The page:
Saskatchewan Liberals seek public support to push government for pandemic-handling response

Click to play video: 'Saskatchewan Liberals seek to push petition on government COVID-19 response'
Saskatchewan Liberals seek to push petition on government COVID-19 response
WATCH: In April the Saskatchewan Liberal Party began a petition to launch an investigation into the government's handling of the COVID-19 pandemic. The petition is about to enter its next phase – May 9, 2022

The Saskatchewan Liberal Party has no seats in the legislature, but wants an independent review of the government’s handling of the COVID-19 pandemic.

Liberal party leader Jeff Walters says the petition was launched on April 19, mainly on social media. So far it has gathered just over 10,000 signatures.

Click to play video: 'USask public policy professor on future of Sask. NDP'
USask public policy professor on future of Sask. NDP

“We decided this past weekend that it is time to go to step two, actual physical campaigning, doing some good old-fashioned door-knocking to get more signatures,” said Walters.

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The Liberal Party says they launched the petition last month after Premier Scott Moe refused the NDP’s request to hold an independent review.

From all accounts we have been hearing from thousands of people in the province, they feel it’s the right thing to do. We are representatives of the people and will do our best,” said Walters.

Walters adds they need 15 per cent of eligible voters in the province or roughly 127,000 votes in order to advance this petition to the next step.

Walters says he feels there will be enough support.

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The Liberals say Saskatchewan has some of the worst pandemic numbers in the country. According to the province, there have been over 137,000 COVID-19 confirmed cases with over 1,300 deaths at this point.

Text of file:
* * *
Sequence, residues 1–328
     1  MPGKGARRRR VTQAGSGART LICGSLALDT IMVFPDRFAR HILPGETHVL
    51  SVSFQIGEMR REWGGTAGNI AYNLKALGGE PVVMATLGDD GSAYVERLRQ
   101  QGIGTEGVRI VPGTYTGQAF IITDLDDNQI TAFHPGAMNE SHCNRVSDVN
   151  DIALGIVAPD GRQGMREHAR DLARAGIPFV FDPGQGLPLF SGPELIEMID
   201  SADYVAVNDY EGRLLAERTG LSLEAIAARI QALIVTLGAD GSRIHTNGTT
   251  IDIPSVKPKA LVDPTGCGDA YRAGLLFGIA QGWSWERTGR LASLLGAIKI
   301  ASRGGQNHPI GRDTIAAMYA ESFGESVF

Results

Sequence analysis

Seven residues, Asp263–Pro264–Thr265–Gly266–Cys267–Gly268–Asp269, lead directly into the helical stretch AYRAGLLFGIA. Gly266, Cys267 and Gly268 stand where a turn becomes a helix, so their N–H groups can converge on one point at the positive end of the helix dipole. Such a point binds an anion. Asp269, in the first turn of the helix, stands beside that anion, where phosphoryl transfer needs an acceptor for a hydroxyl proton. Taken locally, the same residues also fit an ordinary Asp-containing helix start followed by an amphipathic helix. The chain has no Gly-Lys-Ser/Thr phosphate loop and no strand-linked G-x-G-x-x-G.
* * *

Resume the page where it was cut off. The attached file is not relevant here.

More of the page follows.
Political scientist at the University of Saskatchewan, Daniel Westlake says the Liberals are facing a challenge, given the government’s refusal of the NDP request for a review.

“I think it’s a tall order for a third party that is relatively weak, that doesn’t have any seats in the legislature, to win a vote on this,” said Westlake.

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Still, says Westlake, the point may not be to have a successful plebiscite.

“From a political standpoint, it’s a way for the Liberals to get their opposition to the way that the Sask Party has handled the pandemic noticed in an environment that does not give them many opportunities to communicate their opposition to the government,” Westlake added.

“It’s also a way for them to meet with voters and perhaps build connections that could be useful in the next provincial election.  There is also an outside chance this generates enough attention that the government calls an inquiry to try to pre-empt the petition or plebiscite. Though I think the Liberals would have to get their petition a lot of attention for that to happen.”

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“The Liberals don’t have the same venues to draw attention to their calls, so they need to try things like plebiscite petitions in order to get attention.  Either way, I doubt that the government will call an inquiry.  The Sask Party has a majority so there isn’t really a way for the opposition to force an inquiry, and the Sask Party is sitting comfortably enough in the polls that I don’t think they will face a great deal of public pressure to call an inquiry on their own.”

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The Liberals are their door-to-door knocking for their petition beginning on Friday.

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